The Royal Society of Arts last night staged a panel discussion, sponsored by Vodafone, on “Young People and Technology: opportunities and pitfalls in a virtual world”. The event, chaired by Rory Cellan-Jones, the technology correspondent of BBC News, was rather disappointing, mainly because the discussion meandered around a number of themes without really focusing debate on any of them.
First and foremost, the panel was criticised for not having any young people on it. Two other main themes emerged – both interesting but not really related to each other. One was about the alleged pernicious effect of ICT on the quality of teaching. With Phil Beadle arguing that £100 billion (actually the figures he used, even if accurate, only came to £1 billion) spent on providing inter-active whiteboards in every classroom was not only wasted but, in fact, has led to teachers tied to formal presentations at the front of the classroom and staying up all night to hone their Powerpoint presentations rather than interacting freely and naturally with their pupils. He also said too often pupils are told to do work on computers to shut them up rather than to teach them. I have some sympathy with this view, but that doesn’t mean that for some purposes some of the time new ICT tools can’t help communicate material effectively to children in the classroom. So this strand of the discussion produced some interesting rants but failed to illuminate the more interesting question about whether a society where children spend so long on computer games and interacting by text or via social networking sites will produce adults who cannot interact with each other in more traditional ways.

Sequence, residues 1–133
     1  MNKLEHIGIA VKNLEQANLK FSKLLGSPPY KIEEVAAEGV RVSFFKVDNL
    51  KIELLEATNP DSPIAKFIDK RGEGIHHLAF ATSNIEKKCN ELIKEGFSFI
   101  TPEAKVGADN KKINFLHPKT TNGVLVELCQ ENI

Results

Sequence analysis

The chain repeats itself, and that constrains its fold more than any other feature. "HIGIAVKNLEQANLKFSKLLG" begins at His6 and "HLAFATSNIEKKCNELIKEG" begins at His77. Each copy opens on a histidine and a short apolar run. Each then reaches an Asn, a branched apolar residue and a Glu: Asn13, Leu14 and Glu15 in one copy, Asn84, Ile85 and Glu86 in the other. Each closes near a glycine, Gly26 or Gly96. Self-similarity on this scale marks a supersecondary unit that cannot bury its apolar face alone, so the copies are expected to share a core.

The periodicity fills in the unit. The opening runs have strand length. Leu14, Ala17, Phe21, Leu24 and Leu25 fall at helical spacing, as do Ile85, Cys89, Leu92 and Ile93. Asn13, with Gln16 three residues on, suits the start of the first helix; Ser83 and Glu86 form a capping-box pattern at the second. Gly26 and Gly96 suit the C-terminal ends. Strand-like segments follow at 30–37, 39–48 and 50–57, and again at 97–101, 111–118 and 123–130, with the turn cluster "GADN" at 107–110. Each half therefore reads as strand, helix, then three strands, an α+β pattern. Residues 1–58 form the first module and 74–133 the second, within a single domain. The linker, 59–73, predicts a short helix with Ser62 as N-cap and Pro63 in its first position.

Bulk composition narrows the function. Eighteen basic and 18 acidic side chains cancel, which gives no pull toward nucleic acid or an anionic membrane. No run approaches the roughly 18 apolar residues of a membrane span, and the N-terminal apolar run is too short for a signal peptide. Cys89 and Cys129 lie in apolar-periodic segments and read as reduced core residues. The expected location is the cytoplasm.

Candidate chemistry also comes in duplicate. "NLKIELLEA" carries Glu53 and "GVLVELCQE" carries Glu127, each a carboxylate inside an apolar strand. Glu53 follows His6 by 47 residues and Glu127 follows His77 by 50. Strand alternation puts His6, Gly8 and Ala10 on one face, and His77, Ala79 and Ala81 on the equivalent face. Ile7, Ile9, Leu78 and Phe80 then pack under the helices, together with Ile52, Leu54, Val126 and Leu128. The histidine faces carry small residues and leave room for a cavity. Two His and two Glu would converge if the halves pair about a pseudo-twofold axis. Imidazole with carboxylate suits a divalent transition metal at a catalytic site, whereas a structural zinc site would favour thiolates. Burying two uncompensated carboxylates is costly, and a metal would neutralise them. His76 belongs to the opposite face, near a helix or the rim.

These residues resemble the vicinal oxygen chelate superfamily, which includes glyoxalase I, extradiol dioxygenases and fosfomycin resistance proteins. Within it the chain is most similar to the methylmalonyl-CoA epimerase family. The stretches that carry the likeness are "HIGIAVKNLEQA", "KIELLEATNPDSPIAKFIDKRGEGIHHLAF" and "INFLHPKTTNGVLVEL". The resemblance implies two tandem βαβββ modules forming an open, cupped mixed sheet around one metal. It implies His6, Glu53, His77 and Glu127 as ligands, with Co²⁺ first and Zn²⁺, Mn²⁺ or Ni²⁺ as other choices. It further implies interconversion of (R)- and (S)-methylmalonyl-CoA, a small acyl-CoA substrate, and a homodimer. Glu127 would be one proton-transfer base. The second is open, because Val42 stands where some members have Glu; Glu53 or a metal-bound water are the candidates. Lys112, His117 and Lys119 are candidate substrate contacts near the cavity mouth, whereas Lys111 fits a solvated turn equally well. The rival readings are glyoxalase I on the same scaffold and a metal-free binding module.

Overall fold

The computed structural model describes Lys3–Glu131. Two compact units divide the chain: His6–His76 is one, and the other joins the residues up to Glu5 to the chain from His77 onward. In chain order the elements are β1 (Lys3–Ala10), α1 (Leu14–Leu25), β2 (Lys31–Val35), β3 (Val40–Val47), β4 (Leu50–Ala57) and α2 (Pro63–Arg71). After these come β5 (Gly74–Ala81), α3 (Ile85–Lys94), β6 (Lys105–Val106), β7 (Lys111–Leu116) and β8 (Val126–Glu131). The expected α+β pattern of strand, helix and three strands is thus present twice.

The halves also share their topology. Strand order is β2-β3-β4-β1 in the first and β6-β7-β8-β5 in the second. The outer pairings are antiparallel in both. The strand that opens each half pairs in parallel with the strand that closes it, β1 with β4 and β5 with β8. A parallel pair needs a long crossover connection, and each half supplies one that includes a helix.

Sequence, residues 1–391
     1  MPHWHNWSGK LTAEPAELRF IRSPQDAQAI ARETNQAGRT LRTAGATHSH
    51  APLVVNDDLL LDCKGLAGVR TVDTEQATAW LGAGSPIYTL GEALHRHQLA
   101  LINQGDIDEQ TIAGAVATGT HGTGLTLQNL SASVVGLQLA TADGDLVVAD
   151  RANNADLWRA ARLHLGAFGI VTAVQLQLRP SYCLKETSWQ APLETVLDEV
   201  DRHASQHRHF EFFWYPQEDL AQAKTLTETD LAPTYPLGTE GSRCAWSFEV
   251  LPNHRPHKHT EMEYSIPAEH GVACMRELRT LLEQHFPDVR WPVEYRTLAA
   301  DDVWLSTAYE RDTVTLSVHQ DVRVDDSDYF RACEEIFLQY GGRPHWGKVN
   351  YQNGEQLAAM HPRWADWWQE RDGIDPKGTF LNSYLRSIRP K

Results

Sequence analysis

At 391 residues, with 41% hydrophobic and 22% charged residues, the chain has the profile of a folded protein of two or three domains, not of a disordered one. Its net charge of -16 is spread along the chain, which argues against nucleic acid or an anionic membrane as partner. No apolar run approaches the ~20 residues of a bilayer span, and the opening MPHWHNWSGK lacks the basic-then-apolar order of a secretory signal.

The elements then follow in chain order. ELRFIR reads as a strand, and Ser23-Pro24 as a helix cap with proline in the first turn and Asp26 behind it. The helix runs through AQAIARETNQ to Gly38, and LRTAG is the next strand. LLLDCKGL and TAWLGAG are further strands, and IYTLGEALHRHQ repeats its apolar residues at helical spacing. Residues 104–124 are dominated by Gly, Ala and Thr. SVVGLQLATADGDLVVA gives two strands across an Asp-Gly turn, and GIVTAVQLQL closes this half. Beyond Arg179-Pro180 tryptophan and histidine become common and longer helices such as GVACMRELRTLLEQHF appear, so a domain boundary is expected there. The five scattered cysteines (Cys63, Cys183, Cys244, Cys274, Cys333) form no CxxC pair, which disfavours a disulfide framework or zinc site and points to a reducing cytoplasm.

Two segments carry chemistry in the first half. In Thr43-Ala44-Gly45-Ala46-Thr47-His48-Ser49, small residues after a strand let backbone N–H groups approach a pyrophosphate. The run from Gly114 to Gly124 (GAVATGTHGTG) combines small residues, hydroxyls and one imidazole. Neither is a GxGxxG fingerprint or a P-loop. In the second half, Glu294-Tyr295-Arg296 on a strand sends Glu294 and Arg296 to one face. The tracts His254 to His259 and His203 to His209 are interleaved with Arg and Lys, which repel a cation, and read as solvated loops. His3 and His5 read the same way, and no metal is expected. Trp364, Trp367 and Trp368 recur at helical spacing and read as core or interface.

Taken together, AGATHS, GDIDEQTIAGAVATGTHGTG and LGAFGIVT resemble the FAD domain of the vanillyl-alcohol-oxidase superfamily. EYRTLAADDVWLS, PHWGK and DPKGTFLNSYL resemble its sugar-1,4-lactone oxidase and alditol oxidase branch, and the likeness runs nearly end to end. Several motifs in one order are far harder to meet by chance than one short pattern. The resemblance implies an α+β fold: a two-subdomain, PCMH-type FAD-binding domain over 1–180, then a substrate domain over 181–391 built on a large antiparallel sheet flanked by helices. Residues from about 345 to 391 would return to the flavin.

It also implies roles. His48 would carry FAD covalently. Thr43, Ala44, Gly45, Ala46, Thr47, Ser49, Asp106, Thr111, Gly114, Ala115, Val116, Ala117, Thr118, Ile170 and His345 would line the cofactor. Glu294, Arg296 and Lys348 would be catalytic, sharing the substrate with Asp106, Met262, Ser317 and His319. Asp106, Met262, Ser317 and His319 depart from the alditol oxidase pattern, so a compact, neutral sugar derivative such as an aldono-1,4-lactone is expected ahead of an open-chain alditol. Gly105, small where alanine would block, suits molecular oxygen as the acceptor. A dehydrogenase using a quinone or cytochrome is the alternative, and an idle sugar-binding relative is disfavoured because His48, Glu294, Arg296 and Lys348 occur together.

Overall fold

The other major strand of discussion was about bullying by text or via the internet. There is no doubt that this is becoming a serious issue – several suicides or attempted suicides stemming from this were mentioned. However, “traditional” bullying can also have dreadful consequences for those bullied. So is it a new or inherently different phenomenon? The key difference, of course, is that it doesn’t end when the victim gets home and shuts the front door – the messages can still be received and there is no safe haven. However, apart from everyone taking this much more seriously, little was offered as to what works in combating it.